The Palace of Westminster is where the House of Commons and House of Lords get together to argue, pass legislation, and argue some more. This meeting place of the United Kingdom’s Parliament and a UNESCO World Heritage Site, has been around in some form or another for over 900 years. Though Westminster’s latest Gothic look was introduced in the mid-1800s, after it was destroyed by a fire in 1834. (Deleting spreadsheets was a lot more hazardous back then.)
One of the stranger sites right outside of this quite dignified building are along Westminster Bridge that goes across the River Thames; of which you can see a sliver of on the far left above. Across most of the bridge span, doing their best to hustle the bustle of tourists are men, offering some version of the three-shell game. Mostly eastern Europeans with quick hands, you feel like they should dressed more in Charles Dickens-era attire to achieve the complete time travel effect.
You’ll want to keep your eye on your purses and pockets though; if you spend enough time sitting at the corner of the bridge, you can almost see organized pickpocket gangs at work. Stragglers hanging around crowds as the bulge, alternating in a suspiciously inconspicuous pattern over the course of several hours. The type of sightseeing perhaps only a former hacker and security expert can find so persistently interesting.
You can see more of my photos from London here.
No doubt you found the work of the pickpockets as interesting as the Palace of Westminster. As both me and Barry were 15 years old the last time we were in London – not together, of course 🙂 – it’s always good to read about our country of birth’s capital city on other people’s blogs.
You know my fascination with organized crime 🙂
Hmm not sure I go along with your assessment of pick pockets there over the years but I’ll take your suspicious mind word for it. Did you get a chance to go in and watch question time? It’s brilliant if you can get a ticket. 30 minutes of MP’s tearing lumps out of the Prime Minister and him batting them back.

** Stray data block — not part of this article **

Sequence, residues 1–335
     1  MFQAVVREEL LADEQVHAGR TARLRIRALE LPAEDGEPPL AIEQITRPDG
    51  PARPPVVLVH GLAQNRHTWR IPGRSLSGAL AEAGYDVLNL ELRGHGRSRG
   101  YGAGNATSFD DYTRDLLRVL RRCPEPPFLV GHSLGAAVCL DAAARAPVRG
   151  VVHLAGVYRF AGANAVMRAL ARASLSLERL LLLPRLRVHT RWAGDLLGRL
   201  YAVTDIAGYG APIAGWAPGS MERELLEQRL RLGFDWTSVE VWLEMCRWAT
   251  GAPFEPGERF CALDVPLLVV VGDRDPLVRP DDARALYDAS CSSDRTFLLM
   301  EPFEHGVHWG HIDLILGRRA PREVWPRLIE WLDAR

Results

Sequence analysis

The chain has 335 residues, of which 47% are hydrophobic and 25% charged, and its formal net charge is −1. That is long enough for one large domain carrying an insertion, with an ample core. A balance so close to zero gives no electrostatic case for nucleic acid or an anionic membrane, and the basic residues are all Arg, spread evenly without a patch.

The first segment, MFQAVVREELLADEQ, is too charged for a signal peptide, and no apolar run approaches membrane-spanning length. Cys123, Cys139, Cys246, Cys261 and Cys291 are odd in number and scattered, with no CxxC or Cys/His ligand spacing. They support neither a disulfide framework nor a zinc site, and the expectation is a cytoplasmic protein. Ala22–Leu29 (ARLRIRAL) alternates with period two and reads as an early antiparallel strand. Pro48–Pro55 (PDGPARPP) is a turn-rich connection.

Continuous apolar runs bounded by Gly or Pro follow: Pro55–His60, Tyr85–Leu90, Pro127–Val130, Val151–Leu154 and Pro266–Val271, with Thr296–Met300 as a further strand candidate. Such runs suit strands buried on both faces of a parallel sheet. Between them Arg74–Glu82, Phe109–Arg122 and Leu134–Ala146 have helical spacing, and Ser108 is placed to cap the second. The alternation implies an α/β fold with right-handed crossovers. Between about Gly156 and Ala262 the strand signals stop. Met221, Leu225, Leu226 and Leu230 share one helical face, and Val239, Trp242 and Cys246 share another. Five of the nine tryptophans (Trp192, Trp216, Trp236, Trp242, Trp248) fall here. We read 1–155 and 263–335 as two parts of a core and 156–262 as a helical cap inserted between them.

Still love the fact that in the House of Commons they retain those red lines on the carpet on both sides of the chamber. They mark out where you need to stand behind so that the opposition can’t stab you with a sword (which they used to a few hundred years ago). The mother of all parliaments indeed.
Nice pics Anil
I would to spend a few days videoing and observing that bridge; though suspicion is something I do well 🙂
Unfortunately this last time I was in London it was a very quick trip and I didn’t get a chance to go in Westminster. I didn’t know about the red lines though, however it sounds like one of the reasons I like the Parliament so much there. It’s passionate, as democracy should be I think.
Anil, the picture is now showing up.
Nima, I just made some DNS changes as well as how photos are handled by my server; that might have caused the problem. Thank you for letting me know, it should be sorted within 24 hours.
Fantastic picture! I really like how it seems to shimmer.
Thank you Debbie 🙂
Stunning photo. Such a foreboding atmosphere!
I stayed there for a long time and did not see any pickpocketers. Although I guess it is always better to be safe than sorry.
A few hours on that bridge and you begin to notice the outliers in crowd dynamics. That’s the security part of me going though!
I was there in June and I didn’t notice any suspicious pickpocket gangs around the corner. I was more worried about the weather as it rained heavily and the area was overcrowded with tourists. 🙂
Not so much gangs as unusual crowd dynamics; patterns I tend to look for and habits that are hard to break 😉 Not sure I’d be so diligent though if it were raining heavily, something that seems possible any time in London!
It seems that there is no summer season in London lol 😉 I was there in June and it rained everyday! Seriously, I was more worried about the weather than anything else. I didn’t really enjoy London just because of the weather. I’ve seen more suspicious pickpocketers in Spain, Italy and France. 😉